Remember that glossy hardcover tome that documented school politics, embarrassing hairstyles and ridiculous fads? Whether it’s prominently displayed on a bookshelf or gathering dust in your parents’ attic, you probably have one somewhere. Chances are, you also sprang for a high school class ring—after all, nearly everyone did.
That’s not the case anymore though. At a time when teenagers are self-documenting their lives on a daily basis, the concept of investing in a time capsule capturing high school life seems as outdated as a 1980s-era Farrah Fawcett flip hairstyle. Little wonder then that sales of traditional-style yearbooks have been declining by an average of 4.7 percent for several years now.
Unfortunately, there are a number of companies in the business of making and selling those memory-preserving keepsake class rings and yearbooks. Minneapolis-based Jostens is one of the largest, a $700 million company best known for producing school yearbooks and high-end customized jewelry (aka school rings).
“There’s no doubt we’re up against a cultural shift,” admits Chuck Mooty, who has been striving to make the 117-year-old company more relevant in today’s digital age since taking the CEO seat in January of 2015.
Mooty is no novice at leading transformation. He came to Jostens fresh from bringing a troubled mill, Faribault Woolen Mills, back from the brink of bankruptcy, having previously steered Fairview Health Services through a crisis. During his 18 months at Jostens, he moved quickly to bring new products to market, incorporate digital platforms in existing ones and explore new lines of business.
“We realized that we just haven’t created a lot of new products—haven’t tried to figure out the next generation of our product offering,” he explains. Mindful of the need to compete with the instant gratification that social media engagement can offer, Mooty worked to incorporate mobile apps and digital tools in the yearbook-creation process.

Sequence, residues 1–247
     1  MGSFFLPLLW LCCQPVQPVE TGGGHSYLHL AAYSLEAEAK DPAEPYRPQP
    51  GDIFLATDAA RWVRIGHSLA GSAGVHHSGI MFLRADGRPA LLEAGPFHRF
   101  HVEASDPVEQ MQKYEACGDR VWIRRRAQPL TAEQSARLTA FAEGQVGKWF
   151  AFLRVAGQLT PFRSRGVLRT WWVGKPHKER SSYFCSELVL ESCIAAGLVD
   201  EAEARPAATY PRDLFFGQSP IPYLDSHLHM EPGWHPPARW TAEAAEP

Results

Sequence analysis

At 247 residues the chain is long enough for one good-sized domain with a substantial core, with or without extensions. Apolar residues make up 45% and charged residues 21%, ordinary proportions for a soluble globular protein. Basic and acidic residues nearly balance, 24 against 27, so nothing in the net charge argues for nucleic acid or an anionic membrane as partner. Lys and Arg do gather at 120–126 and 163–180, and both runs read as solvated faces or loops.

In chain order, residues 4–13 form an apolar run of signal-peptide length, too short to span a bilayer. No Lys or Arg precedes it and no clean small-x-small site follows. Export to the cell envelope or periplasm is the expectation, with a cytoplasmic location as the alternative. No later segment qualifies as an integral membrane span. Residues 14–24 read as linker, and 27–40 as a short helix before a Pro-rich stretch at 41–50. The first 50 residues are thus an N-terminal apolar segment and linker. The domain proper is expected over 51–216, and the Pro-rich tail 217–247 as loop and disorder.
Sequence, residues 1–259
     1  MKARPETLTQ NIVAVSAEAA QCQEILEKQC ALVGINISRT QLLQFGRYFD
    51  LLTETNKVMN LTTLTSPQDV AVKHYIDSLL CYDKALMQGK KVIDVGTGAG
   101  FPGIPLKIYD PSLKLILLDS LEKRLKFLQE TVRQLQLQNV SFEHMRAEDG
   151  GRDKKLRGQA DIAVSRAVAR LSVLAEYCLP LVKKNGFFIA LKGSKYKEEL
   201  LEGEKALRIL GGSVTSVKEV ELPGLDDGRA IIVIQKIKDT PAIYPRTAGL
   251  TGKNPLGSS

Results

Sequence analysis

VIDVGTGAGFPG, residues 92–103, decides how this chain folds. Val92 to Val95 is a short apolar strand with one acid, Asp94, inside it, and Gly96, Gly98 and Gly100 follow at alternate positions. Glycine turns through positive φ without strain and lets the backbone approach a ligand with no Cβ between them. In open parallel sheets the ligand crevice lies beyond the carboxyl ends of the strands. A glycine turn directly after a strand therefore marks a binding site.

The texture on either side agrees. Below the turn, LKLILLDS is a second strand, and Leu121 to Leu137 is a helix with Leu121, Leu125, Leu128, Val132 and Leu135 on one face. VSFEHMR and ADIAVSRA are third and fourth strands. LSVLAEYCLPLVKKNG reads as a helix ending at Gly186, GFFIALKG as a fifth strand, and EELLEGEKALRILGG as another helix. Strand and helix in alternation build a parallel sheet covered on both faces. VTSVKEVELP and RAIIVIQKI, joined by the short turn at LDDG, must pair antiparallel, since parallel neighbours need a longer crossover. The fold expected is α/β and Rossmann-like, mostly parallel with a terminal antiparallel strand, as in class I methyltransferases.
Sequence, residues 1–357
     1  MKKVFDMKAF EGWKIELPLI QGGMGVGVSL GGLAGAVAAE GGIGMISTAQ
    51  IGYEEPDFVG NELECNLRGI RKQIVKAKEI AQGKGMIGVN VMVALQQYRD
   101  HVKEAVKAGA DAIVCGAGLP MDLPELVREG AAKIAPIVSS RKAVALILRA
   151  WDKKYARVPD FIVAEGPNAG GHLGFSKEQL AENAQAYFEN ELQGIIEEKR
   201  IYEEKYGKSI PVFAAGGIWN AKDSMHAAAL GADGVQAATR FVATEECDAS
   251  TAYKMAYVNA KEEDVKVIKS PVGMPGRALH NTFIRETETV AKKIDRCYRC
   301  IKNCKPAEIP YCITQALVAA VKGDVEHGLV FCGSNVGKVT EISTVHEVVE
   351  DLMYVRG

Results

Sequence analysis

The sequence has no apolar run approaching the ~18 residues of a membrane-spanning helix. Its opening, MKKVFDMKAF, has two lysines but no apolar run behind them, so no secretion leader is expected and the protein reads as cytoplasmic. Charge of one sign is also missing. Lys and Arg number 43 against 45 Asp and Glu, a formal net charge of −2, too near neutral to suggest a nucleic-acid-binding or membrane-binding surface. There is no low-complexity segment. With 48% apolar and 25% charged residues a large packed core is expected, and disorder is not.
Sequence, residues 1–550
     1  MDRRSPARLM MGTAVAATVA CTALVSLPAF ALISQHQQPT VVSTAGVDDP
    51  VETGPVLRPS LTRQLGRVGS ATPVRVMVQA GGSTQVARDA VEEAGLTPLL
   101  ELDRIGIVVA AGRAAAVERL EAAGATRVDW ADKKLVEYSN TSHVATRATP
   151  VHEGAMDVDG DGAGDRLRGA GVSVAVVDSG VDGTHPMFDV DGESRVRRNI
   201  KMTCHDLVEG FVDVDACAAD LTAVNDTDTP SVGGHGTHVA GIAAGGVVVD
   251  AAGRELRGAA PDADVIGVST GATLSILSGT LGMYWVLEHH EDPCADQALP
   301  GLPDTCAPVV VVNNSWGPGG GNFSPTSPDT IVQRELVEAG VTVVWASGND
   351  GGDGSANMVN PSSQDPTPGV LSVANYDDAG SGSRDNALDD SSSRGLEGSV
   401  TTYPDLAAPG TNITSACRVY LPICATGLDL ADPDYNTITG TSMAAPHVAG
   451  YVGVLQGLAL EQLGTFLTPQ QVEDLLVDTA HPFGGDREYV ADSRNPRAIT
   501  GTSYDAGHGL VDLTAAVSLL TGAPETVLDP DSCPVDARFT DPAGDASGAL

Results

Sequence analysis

Jostens recently rolled out Replay It, a mobile app that lets students, parents and faculty upload photos and videos to a centralized yearbook website. “It serves the purpose of helping to feed material for the yearbook production, but it also lets you create your own customized subsection of photography and video that you want to encapsulate,” he explains.
In the company’s custom-jewelry business, two new, more contemporary style options have given students more ways to personalize their school rings. The launch seemed to deliver a bump—
new jewelry products made up 20 percent of the company’s 2015 class ring sales. Perhaps more significant, however, is the effort Mooty is leading to leverage the company’s core capabilities
to reach new markets. Recently, for example, Jostens convinced the Army and Air Force Exchange (AAFES) to let the company design custom jewelry for members of the military.
“We are actually providing engagement rings to servicemen and women,” says Mooty, who notes that the company’s technology enables customers to produce a customized product within 10 days. “When you can offer consumers the ability to create what they want and know that they will have an American-made product on their doorstep within seven to 10 days, that’s very powerful.”
Since school rings tend to be a seasonal business, Jostens has historically run at about 60 percent capacity—which gives the company plenty of ability to serve new markets. “With the AAFES project under our belt, we can now go to other potential retailers with an offering,” Mooty explains. While Jostens’ hoped-for transformation is far from over, signs suggest that Mooty is making inroads. “We have actually already started to turn the tide,” he says. “We were in nearly a 10-year decline in rings; and this year, we will actually be slightly positive as far as ring volume, which will be a huge change.
“Going forward, the development of our brand will be about creating brand relevance for our products, as well as the services and technologies we provide. That really is our purpose and vision of our organization.”